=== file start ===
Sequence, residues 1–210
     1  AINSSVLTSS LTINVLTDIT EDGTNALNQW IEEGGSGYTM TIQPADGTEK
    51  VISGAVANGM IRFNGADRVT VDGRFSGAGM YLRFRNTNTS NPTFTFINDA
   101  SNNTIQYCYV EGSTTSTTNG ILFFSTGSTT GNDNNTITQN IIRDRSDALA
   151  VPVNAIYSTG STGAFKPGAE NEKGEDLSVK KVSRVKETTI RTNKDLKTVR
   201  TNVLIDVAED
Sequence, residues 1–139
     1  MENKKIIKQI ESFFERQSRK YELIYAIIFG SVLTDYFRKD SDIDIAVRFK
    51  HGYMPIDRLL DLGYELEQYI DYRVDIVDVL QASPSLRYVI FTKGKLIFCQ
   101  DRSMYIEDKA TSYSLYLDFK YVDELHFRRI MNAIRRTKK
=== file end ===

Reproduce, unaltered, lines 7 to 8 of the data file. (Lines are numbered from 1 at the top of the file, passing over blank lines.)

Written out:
Sequence, residues 1–139
     1  MENKKIIKQI ESFFERQSRK YELIYAIIFG SVLTDYFRKD SDIDIAVRFK